Film #3: The Sundowners (1960)
Directed by Fred Zinnemann
Written by Isobel Lennart from a novel by Jon Cleary
Starring Robert Mitchum, Deborah Kerr, Peter Ustinov and Glynis Johns
Directed by Fred Zinnemann, The Sundowners was nominated for a total of five Academy Awards: Best Picture, Best Actress in a Leading Role, Best Actress in a Supporting Role, Best Director, and finally Best Writing – Screenplay Based on Material from Another Medium. Though Robert Mitchum was not nominated for his performance, the film is deserving of a place in his “Greatest Classic Legends” set since it was regarded as one of the best of 1960 on the awards circuit.
The Sundowners tells the story of Paddy (Mitchum) and Ida Carmody (Deborah Kerr), a couple who spend their lives traveling in a wagon with their son. Paddy works odd sheep-herding jobs to earn a little money, and the family owns no property. Their wagon is their home, and their life is an uncomplicated but generally happy one.
Conflict arises as Ida and her son begin dreaming of having a farm of their own, and a house with four walls rather than four wheels. Paddy, a wanderer with no interest in the stresses of running a farm, is opposed to settling down.
The Carmody family lives a simple life, and their disagreement is a simple one as well. Luckily, this doesn’t mean that The Sundowners is a dull film. There’s more to the story than the premise suggests. Peppered with action scenes and additional conflicts, the film also benefits from a beautiful setting (shot on location in Australia) and a strong cast.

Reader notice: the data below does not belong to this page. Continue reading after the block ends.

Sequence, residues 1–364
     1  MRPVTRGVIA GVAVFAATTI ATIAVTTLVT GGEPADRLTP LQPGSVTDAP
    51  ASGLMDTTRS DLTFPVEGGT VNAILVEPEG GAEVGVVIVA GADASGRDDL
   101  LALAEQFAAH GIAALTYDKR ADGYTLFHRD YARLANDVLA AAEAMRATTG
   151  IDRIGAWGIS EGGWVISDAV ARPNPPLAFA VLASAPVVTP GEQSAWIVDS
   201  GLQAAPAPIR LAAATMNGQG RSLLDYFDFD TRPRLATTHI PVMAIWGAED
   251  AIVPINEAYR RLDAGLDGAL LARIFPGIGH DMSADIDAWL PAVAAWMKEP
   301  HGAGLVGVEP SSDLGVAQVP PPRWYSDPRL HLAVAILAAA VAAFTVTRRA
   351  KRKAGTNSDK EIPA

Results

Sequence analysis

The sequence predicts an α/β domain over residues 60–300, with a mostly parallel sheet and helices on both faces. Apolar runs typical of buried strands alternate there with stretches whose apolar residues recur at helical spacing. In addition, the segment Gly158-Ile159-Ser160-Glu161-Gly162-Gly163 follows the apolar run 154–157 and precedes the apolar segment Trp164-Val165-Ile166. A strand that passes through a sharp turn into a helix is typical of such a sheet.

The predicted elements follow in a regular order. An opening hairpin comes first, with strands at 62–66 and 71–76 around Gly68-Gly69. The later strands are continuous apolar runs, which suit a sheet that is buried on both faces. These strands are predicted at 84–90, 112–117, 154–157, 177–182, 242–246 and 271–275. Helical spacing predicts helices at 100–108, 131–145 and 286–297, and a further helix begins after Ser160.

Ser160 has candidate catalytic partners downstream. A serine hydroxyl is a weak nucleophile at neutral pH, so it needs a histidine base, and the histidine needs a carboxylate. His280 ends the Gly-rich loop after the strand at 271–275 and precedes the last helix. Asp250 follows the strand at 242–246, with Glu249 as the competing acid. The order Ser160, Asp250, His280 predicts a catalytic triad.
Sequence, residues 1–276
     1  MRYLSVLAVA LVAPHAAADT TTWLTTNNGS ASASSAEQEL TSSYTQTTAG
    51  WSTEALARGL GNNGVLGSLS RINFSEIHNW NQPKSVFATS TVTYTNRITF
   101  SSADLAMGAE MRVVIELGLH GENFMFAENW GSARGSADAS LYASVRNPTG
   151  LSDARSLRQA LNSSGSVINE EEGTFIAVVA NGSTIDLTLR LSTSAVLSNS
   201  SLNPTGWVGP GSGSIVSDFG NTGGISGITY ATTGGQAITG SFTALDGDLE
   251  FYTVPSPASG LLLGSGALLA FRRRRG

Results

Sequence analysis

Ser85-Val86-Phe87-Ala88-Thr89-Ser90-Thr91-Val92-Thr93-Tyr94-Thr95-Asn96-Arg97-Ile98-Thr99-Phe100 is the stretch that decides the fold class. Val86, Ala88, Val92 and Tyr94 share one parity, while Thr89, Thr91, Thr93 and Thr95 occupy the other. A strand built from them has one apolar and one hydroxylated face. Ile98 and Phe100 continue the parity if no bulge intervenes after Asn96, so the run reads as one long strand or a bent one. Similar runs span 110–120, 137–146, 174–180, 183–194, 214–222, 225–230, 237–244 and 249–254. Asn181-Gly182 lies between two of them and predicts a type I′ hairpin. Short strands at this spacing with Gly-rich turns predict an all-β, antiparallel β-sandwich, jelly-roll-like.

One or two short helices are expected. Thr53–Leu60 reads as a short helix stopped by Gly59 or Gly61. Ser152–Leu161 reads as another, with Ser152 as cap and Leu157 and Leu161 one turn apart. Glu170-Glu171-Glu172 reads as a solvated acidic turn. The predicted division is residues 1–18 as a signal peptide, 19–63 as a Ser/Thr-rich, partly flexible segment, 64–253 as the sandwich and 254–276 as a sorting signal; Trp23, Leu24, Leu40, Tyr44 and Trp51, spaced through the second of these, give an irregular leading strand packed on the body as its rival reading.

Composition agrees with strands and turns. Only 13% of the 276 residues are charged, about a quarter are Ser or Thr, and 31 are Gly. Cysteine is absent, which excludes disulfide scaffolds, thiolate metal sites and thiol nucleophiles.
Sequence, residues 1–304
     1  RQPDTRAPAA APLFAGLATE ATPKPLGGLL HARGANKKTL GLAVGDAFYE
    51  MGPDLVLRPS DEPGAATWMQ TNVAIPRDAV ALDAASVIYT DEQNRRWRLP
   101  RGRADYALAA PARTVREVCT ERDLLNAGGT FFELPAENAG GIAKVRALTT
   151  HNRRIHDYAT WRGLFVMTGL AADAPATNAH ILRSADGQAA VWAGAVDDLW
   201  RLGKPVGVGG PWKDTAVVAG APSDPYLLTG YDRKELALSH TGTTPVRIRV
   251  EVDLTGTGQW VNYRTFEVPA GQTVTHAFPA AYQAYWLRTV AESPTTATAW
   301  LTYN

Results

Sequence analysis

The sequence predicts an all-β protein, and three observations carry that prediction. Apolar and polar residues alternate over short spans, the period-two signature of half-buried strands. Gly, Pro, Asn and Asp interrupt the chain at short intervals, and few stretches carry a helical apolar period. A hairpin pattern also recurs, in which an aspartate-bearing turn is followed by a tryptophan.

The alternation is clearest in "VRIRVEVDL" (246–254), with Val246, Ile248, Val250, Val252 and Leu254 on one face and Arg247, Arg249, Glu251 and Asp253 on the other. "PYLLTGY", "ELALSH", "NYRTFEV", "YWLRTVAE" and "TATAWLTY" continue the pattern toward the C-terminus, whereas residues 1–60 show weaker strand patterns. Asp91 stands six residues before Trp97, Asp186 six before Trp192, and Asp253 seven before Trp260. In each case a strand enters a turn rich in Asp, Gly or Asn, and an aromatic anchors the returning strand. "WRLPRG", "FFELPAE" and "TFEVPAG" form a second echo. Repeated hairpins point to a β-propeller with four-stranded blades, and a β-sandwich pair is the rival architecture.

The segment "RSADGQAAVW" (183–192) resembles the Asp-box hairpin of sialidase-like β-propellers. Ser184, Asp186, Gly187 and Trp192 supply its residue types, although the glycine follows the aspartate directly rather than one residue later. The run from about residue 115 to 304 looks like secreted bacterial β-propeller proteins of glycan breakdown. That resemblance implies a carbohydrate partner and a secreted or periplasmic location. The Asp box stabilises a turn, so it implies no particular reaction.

Well-acted by all involved, Deborah Kerr especially shines in this film. Great chemistry can be found between the cast as an ensemble and within particular character relationships (Kerr/Mitchum and Ustinov/Johns in particular).
There’s also a pleasant surprise to be found in the Mitchum’s performance here: the accent! While not necessarily perfect, I must give credit for the effort put into Mr. Carmody’s voice. When I read the blurb on the back of the DVD case and saw that this film was set in Australia, I wasn’t sure an accent would even be attempted, much less attempted with some success.
Good performances and lovely location-shooting aside, The Sundowners‘ appeal also comes from the fact that it so successfully captures the lifestyle and personalities of its nomadic, back-country characters.
Special features: On Location with The Sundowners & theatrical trailer
I always find old theatrical trailers fun to watch, so the inclusion of that is a bonus. This trailer puts a lot of emphasis on the fact that the film was shot on location and includes an “exciting, offbeat bunch” of characters. Even better is the “On Location” feature, five minutes of behind-the-scenes footage shot on set, narrated by Australian author Jon Cleary (writer of the film’s source material). Candid footage of the cast and crew is combined with tidbits about Australian wildlife and lifestyles.